Rip over T-Mac? Is this a basketball decision, or Kuester folding to political pressure among the players? The only good coaching move this season was the elevation of T-Mac into the starting lineup. All of a sudden T-Mac is the guy who doesn’t measure up in terms of attitude and practice performance? Kuester is the biggest b.s. artist I’ve seen since… Michael Curry. Come on, Joe. This coach-clown carousel is threatening the franchise. Does anyone else think we went cheap on the last two coaches because management didn’t want to spend in the years leading up to the franchise sale. You can’t get coaches cheaper than what we paid for Curry and Kuester. Maybe I’m being an optimist, but once this sale goes through I think we could be headed to greener coaching pastures. We went from studs — Rick Carlisle, Larry Brown, and Flip Saunders to super duds — Curry and Kuester. Money must have something to do with it.
     

    • Mar 2, 201112:09 pm
      by Patrick Hayes

      Reply

      Well, remember, Carlisle was not a proven coach when hired. He was an assistant and he came cheap. He just happened to pan out and be a good coach.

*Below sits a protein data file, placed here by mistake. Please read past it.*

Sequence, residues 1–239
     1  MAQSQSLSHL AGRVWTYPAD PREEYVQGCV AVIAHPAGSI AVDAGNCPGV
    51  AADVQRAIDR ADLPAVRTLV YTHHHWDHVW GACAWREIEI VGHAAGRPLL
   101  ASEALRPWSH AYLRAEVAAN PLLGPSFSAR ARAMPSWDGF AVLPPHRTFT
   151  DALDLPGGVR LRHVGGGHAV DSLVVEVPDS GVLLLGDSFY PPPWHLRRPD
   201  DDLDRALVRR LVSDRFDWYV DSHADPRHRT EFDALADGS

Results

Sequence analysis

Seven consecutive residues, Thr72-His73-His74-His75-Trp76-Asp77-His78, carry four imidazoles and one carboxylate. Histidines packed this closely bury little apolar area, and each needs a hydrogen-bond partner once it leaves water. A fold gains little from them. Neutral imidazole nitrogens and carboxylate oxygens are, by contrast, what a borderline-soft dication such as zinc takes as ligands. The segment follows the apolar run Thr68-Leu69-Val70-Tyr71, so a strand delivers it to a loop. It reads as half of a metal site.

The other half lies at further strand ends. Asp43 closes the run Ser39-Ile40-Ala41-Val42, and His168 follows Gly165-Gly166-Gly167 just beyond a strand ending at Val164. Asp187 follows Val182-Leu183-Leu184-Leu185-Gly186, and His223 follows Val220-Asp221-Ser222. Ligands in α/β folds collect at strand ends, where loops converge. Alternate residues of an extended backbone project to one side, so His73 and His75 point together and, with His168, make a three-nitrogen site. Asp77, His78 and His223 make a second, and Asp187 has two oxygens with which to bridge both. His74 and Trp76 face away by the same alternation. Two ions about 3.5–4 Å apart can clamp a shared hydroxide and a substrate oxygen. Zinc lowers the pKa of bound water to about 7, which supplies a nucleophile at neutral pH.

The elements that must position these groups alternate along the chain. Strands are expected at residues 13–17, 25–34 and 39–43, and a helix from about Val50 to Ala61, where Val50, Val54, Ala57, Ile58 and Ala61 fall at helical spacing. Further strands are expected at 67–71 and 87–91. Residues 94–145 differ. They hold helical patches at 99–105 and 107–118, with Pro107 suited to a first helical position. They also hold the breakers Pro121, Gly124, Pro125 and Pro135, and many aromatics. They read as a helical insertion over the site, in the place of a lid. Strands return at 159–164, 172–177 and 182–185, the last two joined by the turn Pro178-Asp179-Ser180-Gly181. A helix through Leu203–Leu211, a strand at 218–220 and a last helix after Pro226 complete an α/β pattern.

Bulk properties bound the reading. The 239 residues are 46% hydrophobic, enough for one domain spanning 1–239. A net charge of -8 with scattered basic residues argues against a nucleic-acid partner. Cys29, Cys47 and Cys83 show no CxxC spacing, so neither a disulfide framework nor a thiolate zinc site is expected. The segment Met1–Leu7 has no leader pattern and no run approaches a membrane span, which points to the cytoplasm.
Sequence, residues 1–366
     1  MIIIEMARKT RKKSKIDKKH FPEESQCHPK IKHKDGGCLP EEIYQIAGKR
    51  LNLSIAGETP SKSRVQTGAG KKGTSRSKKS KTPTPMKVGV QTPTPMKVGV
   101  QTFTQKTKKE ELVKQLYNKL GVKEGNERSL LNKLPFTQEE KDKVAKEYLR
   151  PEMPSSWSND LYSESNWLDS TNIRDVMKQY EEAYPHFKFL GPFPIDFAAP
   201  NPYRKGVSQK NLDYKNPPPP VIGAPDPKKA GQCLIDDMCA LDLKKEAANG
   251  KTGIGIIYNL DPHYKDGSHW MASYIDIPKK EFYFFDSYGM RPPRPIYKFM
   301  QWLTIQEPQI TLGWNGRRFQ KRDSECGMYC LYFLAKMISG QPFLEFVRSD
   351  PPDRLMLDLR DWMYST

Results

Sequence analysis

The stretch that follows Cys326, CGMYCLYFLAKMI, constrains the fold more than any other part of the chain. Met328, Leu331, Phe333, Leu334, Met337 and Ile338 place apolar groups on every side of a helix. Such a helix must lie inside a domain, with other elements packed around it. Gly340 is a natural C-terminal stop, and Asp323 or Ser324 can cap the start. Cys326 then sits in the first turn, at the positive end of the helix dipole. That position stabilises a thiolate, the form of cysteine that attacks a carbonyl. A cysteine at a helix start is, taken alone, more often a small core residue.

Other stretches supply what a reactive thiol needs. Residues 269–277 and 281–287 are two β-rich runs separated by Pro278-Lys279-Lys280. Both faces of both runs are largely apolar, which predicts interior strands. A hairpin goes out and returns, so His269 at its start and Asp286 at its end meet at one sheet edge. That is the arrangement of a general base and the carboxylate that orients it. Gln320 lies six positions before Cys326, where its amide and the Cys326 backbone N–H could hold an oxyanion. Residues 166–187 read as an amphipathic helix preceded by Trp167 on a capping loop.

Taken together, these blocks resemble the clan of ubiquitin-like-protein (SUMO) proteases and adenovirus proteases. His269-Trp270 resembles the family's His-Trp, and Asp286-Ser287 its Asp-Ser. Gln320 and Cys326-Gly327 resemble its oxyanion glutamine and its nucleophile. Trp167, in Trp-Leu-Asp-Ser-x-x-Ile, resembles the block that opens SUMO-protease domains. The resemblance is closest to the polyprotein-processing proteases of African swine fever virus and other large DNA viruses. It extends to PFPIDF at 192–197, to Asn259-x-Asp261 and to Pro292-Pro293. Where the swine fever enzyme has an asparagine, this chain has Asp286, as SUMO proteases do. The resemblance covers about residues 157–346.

Carlisle, Curry and Kuester were hired at times when the franchise was kind of in transition, so investing in a big money coach wasn’t prudent. Saunders/Brown were hired when the team was viewed as a title contender, so investing in a great coach might have been the difference (and in Brown’s case, I think it was the difference).

      I think the team sale has certainly impacted the amount Dumars can spend on a coach, but his history has always been to hire a cheap coach when the team isn’t supposed to be that competitive, so I think that played into his last two hires.

    • Mar 2, 20113:51 pm
      by Dan Feldman

      Reply

      Fennis, completely agree with Patrick’s assessment of the coaches.

      As far as McGrady over Hamilton, Kuester said guys had a fresh slate to show the right things to earn playing time. There’s no doubt Hamilton did more poor things off the court throughout the season than McGrady did, but recently, who knows? Judging by McGrady’s absence from the lineup, I’d say there’s a good chance it’s him.

  • Oct 18, 201312:41 am
    by pit 37

    Reply